Critics of the growing Occupy Wall Street movement complain that the protesters don’t have a policy agenda and, therefore, don’t stand for anything. They’re wrong. The key isn’t what protesters are for but rather what they’re against — the gaping inequality that has poisoned our economy, our politics and our nation.
In America today, 400 people have more wealth than the bottom 150 million combined. That’s not because 150 million Americans are pathetically lazy or even unlucky. In fact, Americans have been working harder than ever — productivity has risen in the last several decades. Big business profits and CEO bonuses have also gone up. Worker salaries, however, have declined.
Most of the Occupy Wall Street protesters aren’t opposed to free market capitalism. In fact, what they want is an end to the crony capitalist system now in place, that makes it easier for the rich and powerful to get even more rich and powerful while making it increasingly hard for the rest of us to get by. The protesters are not anti-American radicals. They are the defenders of the American Dream, the decision from the birth of our nation that success should be determined by hard work not royal bloodlines.
Sure, bank executives may work a lot harder than you and me or a mother of three doing checkout at a grocery store. Maybe the bankers work ten times harder. Maybe even a hundred times harder. But they’re compensated a thousand times more.
The question is not how Occupy Wall Street protesters can find that gross discrepancy immoral. The question is why every one of us isn’t protesting with them.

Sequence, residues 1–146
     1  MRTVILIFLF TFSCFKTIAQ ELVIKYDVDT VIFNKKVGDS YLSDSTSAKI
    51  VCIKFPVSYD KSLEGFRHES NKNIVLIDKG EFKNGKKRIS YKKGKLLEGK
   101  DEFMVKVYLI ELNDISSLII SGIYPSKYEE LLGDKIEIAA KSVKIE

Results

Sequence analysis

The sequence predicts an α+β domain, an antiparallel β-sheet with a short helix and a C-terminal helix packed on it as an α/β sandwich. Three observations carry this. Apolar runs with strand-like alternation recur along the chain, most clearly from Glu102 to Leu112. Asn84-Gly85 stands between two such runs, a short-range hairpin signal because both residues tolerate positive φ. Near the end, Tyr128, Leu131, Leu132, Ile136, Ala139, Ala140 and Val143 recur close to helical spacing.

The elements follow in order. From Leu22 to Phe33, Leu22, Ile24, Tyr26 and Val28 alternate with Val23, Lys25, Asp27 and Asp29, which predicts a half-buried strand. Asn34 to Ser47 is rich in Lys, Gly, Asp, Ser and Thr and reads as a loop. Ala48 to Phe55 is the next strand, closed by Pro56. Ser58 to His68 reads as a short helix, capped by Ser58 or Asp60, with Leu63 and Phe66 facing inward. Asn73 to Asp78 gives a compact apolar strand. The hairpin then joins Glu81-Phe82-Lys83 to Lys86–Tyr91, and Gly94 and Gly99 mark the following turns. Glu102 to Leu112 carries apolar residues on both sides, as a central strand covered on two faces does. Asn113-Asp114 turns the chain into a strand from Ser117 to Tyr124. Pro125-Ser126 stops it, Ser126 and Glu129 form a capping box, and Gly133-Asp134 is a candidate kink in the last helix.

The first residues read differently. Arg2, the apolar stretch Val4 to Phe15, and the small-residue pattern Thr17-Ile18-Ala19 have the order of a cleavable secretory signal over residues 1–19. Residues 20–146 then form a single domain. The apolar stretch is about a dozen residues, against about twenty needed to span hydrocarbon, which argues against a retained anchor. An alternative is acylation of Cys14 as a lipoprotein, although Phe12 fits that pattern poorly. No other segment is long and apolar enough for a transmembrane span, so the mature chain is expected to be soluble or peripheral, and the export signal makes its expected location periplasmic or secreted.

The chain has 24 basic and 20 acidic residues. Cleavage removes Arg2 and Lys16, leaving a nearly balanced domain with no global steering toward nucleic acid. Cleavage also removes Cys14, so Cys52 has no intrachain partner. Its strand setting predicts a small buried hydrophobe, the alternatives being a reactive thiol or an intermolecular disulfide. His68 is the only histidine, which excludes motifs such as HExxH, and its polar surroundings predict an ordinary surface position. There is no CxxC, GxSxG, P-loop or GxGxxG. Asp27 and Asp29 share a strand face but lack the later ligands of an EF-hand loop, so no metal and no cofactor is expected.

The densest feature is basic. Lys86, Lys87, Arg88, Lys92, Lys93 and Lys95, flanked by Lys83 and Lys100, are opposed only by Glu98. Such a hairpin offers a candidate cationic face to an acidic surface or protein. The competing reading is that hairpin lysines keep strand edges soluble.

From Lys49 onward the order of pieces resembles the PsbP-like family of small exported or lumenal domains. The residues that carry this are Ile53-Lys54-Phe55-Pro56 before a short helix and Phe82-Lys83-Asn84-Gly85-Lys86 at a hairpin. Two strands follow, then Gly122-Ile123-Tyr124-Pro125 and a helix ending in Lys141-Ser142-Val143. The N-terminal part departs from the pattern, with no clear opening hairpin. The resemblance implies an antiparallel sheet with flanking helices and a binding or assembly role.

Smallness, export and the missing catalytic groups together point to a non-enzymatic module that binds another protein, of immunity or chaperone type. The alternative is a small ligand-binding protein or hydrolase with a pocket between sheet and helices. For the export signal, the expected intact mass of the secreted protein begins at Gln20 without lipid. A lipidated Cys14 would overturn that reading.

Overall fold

According to polls, most Americans support the 99% movement, even if they’re not taking to the streets. In fact, support for the Occupy Wall Street protests is not only higher than for either political party in Washington but greater than support for the Tea Party. And unlike the Tea Party which was fueled by national conservative donors and institutions, the Occupy Wall Street Movement is spreading organically from Idaho to Indiana. Institutions on the left, including unions, have been relatively late to the game.
Ironically, the original Boston Tea Party activists would likely support Occupy Wall Street more as well. Note that the original Tea Party didn’t protest taxes, merely the idea of taxation without representation — and they were actually protesting the crown-backed monopoly of the East India Company, the main big business of the day.
Americans today also support taxes. In fact, two-thirds of voters — including a majority of Republicans — support increasing taxes on the rich, something the Occupy Wall Street protests implicitly support. That’s not just anarchist lefty kids. Soccer moms and construction workers and, yes, even some bankers want to see our economy work for the 99%, not just the 1%, and are flocking to Occupy protests in droves.
I’ve even met a number of Libertarians and Tea Party conservatives at these protests. So the critics are right, the Occupy Wall Street movement isn’t the Tea Party. Occupy Wall Street is much, much broader.
Maybe it’s hard to see your best interests reflected in a sometimes rag-tag, inarticulate, imperfect group of protesters. But make no mistake about it: While horrendous inequality is not an American tradition, protest is.And if you’re part of the 99% of underpaid or unemployed Americans crushed in the current economy, the Occupy Wall Street protests are your best chance at fixing the broken economy that is breaking your back.
By Sally Kohn
Published Oct. 14, 2011
Sally Kohn is the founder and Chief Education Officer of the Movement Vision Lab, a grassroots think tank. Follow her on Twitter@sallykohn.